Our second real-life test covers disk activity in a productivity scenario. For all intents and purposes this test shows drive performance under normal daily activity for most users. This test includes: a three hour period operating in an office productivity environment with 32-bit Vista running Outlook 2007 connected to an Exchange server, web browsing using Chrome and IE8, editing files within Office 2007, viewing PDFs in Adobe Reader, and an hour of local music playback with two hours of additional online music via Pandora. In this trace we recorded 4,830MB being written to the drive and 2,758MB being read.

Here we see a little dip in performance with the Patriot Pyro SE, scoring in the upper mid-range.

Our third real-life test covers disk activity in a gaming environment. Unlike the HTPC or Productivity trace, this one relies heavily on the read performance of a drive. To give a simple breakdown of read/write percentages, the HTPC test is 64% write, 36% read, the Productivity test is 59% write and 41% read, while the gaming trace is 6% write and 94% read. The test consists of a Windows 7 Ultimate 64-bit system pre-configured with Steam, with Grand Theft Auto 4, Left 4 Dead 2, and Mass Effect 2 already downloaded and installed. The trace captures the heavy read activity of each game loading from the start, as well as textures as the game progresses. In this trace we recorded 426MB being written to the drive and 7,235MB being read.

The Patriot Pyro SE performed decent here only performing 6% slower than the Corsair Force GT 240GB and 2% higher in latency. In all likelihood, this is not a difference that would be noticed in the real world.

Power Consumption

SSDs are notable for their low power consumption and the Patriot Pyro SE 240GB seems to fare pretty well in this department. At idle the drive uses just 0.66W; a common notebook hard drive might use twice as much. The highest values we measured were 2.24W for read and 4.08W for random reads (which is a little high for an SSD).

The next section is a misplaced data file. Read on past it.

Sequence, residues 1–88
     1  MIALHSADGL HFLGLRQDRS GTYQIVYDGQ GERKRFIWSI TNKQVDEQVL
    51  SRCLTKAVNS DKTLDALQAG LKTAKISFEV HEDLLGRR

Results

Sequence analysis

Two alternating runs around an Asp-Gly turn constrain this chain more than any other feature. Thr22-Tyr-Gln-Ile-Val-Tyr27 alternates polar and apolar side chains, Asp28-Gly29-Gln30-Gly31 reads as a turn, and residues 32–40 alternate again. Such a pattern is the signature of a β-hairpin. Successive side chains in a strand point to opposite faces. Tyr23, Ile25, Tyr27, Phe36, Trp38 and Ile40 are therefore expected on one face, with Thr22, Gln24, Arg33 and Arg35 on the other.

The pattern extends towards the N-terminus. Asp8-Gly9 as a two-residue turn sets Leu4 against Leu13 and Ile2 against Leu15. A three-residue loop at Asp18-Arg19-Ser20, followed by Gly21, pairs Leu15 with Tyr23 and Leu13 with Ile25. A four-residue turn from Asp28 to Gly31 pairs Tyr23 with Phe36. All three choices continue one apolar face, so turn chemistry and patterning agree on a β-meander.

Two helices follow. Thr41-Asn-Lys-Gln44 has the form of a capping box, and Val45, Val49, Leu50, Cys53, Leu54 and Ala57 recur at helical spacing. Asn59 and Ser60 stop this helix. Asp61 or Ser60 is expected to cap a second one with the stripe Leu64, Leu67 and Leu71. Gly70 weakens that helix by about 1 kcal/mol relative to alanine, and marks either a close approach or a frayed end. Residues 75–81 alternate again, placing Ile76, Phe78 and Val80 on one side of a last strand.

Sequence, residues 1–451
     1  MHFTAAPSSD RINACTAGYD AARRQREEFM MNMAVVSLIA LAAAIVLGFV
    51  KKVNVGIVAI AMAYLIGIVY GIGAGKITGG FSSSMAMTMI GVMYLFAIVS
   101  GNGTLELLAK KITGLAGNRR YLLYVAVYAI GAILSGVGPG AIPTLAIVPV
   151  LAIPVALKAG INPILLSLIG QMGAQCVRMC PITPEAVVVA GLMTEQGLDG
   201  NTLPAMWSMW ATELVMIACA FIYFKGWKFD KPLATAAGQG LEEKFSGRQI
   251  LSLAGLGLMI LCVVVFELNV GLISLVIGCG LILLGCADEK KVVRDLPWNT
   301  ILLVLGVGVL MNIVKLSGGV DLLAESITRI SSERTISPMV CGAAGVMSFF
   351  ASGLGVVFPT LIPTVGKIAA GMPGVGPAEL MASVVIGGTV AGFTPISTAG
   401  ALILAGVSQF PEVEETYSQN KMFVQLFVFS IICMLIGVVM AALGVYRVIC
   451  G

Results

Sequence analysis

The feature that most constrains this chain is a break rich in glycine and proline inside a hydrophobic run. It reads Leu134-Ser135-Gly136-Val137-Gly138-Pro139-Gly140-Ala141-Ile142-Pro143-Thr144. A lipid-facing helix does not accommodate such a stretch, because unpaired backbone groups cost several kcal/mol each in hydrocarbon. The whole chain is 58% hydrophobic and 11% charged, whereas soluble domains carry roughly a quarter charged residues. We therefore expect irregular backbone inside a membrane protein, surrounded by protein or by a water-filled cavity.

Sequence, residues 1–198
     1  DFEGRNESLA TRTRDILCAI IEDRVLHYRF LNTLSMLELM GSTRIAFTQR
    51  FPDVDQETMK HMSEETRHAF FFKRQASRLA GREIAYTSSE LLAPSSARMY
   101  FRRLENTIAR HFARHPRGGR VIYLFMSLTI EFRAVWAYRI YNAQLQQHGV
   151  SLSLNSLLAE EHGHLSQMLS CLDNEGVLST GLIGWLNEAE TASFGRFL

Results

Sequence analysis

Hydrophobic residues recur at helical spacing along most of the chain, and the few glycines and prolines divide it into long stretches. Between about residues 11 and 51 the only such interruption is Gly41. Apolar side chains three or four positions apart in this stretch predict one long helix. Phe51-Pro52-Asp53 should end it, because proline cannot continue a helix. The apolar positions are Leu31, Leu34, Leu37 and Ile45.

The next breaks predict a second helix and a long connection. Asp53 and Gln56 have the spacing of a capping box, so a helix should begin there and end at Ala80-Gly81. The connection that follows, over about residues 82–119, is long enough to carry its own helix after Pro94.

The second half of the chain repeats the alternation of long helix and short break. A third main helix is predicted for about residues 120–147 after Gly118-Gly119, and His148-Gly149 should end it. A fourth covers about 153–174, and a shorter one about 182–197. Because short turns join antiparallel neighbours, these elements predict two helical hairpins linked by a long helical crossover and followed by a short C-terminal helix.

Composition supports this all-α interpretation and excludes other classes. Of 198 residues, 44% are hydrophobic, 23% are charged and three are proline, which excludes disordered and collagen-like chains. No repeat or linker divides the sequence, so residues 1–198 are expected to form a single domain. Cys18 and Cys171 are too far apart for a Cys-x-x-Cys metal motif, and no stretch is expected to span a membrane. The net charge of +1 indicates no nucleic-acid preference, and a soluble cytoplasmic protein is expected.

Conclusion

Overall, the Patriot Pyro SE delivered outstanding performance in our synthetic benchmark tests, where it quickly became the drive to beat. It successfully fills the performance gap between the higher-end Patriot WildFire and the budget version of the Pyro (non-SE). Like most SandForce drives, however, the Pyro SE's performance did suffer when reading and writing incompressible data, but because of its synchronous NAND flash, its performance didn't diminish nearly as much as some other drives. When looking at pure IOPS performance, the Patriot Pyro SE truly shines.

In our real-world benchmarks the Pyro SE SSD ranked middle of the pack with the fastest drives we have reviewed to date, which says a lot when you are looking at new models. Overall with its exception performance and good pricing it would be hard not to reccomend the Patriot Pyro SE.

Pros

  • Very strong sequential read and write speeds
  • Chart topping 4K random read speeds

Cons

  • Comes in just under the Corsair Force GT in real-world benchmarks

Bottom Line

The Patriot brings a sleek, high-performing product to the market with the Pyro SE and though it is a little more expensive than other drives in its category, it is certainly worth it in some categories.